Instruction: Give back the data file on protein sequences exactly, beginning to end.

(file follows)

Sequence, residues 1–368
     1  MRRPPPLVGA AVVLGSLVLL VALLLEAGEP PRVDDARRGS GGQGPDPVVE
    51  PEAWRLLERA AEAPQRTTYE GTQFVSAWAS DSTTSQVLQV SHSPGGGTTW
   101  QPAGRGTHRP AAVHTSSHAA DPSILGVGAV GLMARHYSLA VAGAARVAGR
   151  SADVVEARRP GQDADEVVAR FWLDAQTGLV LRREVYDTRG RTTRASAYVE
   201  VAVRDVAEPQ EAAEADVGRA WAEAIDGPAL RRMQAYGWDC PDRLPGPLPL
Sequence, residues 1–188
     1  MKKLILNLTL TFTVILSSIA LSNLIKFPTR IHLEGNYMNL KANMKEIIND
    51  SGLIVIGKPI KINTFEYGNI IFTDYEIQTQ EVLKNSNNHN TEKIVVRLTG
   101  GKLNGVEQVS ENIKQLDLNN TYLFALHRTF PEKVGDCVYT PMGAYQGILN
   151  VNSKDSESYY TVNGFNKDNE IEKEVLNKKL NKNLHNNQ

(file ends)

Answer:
Sequence, residues 1–368
     1  MRRPPPLVGA AVVLGSLVLL VALLLEAGEP PRVDDARRGS GGQGPDPVVE
    51  PEAWRLLERA AEAPQRTTYE GTQFVSAWAS DSTTSQVLQV SHSPGGGTTW
   101  QPAGRGTHRP AAVHTSSHAA DPSILGVGAV GLMARHYSLA VAGAARVAGR
   151  SADVVEARRP GQDADEVVAR FWLDAQTGLV LRREVYDTRG RTTRASAYVE
   201  VAVRDVAEPQ EAAEADVGRA WAEAIDGPAL RRMQAYGWDC PDRLPGPLPL
Sequence, residues 1–188
     1  MKKLILNLTL TFTVILSSIA LSNLIKFPTR IHLEGNYMNL KANMKEIIND
    51  SGLIVIGKPI KINTFEYGNI IFTDYEIQTQ EVLKNSNNHN TEKIVVRLTG
   101  GKLNGVEQVS ENIKQLDLNN TYLFALHRTF PEKVGDCVYT PMGAYQGILN
   151  VNSKDSESYY TVNGFNKDNE IEKEVLNKKL NKNLHNNQ